Friday, January 10, 2014

Future or Flop: What Wearable Tech Means for Public Relations

In the 1989 blockbuster “Back to the Future Part II,” the movie’s main character, Marty McFly, finds himself in “far off” 2015 where he and the audience catch a glimpse of the future. 
While flying cars don’t dominate and wheel-less skateboards don’t exist as depicted in the film, there’s a piece of fake future technology that’s already right at home in 2014: wearable “smart” technology. In the movie, Marty, played by Michael J. Fox, is seen sporting a talking, self-drying jacket.  
From smart watches and Google Glasses to fitness trackers, intelligent t-shirts and bras, wearable technology continues to gain momentum. The transition from smartphone to smart coat (or anything else deemed intelligent) stems from a drastic drop in the size and cost of data sensors as well as an increase in data storage capacity, processing power and the battery life of Bluetooth-connected devices.  
These sensors track what’s increasingly called biometrics. Calories burned, steps taken, heart rate and even perspiration and sleep patterns can be analyzed by sophisticated sensors. Linked to a smart device, consumers have access to an enormous amount of personal data, which they can use to make behavioral changes to improve their health or lifestyle. A smart tennis racket or smart golf club can analyze your swing and send that data in real-time to another smart device for readout; and ‘course correction’ if your swing sucks (as mine does).  
At the 2014 Consumer Electronics Show in Las Vegas this week, wearable tech appeared to be the biggest showstopper. 
But does such prominence guarantee the technology’s success? And, placing my PR hat back on, what implications, if any, does wearable technology have for the communications industry?   
There’s no doubt wearable tech has a future –even if many current examples have been criticized for being ‘half baked.’ Some smart watches, for instance, have been compared to smartphones with a wristband. Function has to become fashion-friendly and this is happening, albeit slowly. Intel recently announced that it was teaming up with boutique retailer Opening Ceremony to design a smart bracelet, while chip-maker CSR and Cellini Jewelers have created a smart pendant that lights up when receiving notifications.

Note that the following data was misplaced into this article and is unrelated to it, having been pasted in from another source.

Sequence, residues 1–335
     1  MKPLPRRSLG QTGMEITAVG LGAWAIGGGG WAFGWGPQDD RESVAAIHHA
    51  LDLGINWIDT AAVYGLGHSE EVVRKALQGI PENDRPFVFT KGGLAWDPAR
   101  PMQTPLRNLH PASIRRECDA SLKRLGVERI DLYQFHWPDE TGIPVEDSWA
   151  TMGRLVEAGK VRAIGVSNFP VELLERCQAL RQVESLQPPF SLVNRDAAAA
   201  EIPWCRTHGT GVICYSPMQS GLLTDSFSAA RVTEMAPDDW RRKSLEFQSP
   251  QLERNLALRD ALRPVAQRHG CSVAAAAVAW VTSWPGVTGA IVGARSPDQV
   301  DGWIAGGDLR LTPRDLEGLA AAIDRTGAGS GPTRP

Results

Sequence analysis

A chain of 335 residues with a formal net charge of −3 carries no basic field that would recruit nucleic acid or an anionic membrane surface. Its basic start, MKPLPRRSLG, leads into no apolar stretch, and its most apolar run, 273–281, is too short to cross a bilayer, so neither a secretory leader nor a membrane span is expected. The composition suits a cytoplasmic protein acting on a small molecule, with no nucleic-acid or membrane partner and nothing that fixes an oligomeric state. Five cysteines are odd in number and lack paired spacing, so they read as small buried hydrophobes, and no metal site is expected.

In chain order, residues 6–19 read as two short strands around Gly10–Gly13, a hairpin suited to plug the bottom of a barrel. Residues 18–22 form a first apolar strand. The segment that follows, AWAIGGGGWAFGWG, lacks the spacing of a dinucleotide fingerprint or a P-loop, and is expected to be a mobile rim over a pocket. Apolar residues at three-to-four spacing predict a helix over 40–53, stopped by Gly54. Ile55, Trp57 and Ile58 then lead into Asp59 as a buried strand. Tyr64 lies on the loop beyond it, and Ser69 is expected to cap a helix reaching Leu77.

Wearable tech works because of the ongoing data revolution. Just as retailers crave a more granular customer picture in an effort to personalize experiences, consumers desire more data for similar reasons. Knowing that you’ve only taken 1,000 steps in a given day and burned 500 calories, or that your home uses 10% more electricity than it needs, all helps to improve consumers’ daily lives. It’s as if big data is becoming domesticated and made user-friendly. 
As people become more comfortable with the tracking, recording and analysis of large real-time data sets, it’s likely that our clients will expect a similar degree of metrics tracking the success of their campaigns. And if some of these wearable tech companies become clients directly, you can be sure they’ll want to feature campaigns of people using –and benefiting from – the gadgets they sell. While many will become more comfortable with big data in their lives, not all will embrace these Big Brother-like technologies. That means we’ll likely have more PR fires to extinguish as there may be a vocal minority of smart device detractors, eager to attack our newest and potentially most promising clients and the products they sell. I suspect such developments will keep our jobs rather exciting in the year ahead.  
With a New Year ahead of us, there’s plenty of time left to convince wearable tech skeptics. After all, our jackets may not be self-drying or talking yet, but you can be sure such advancements aren’t far off. 

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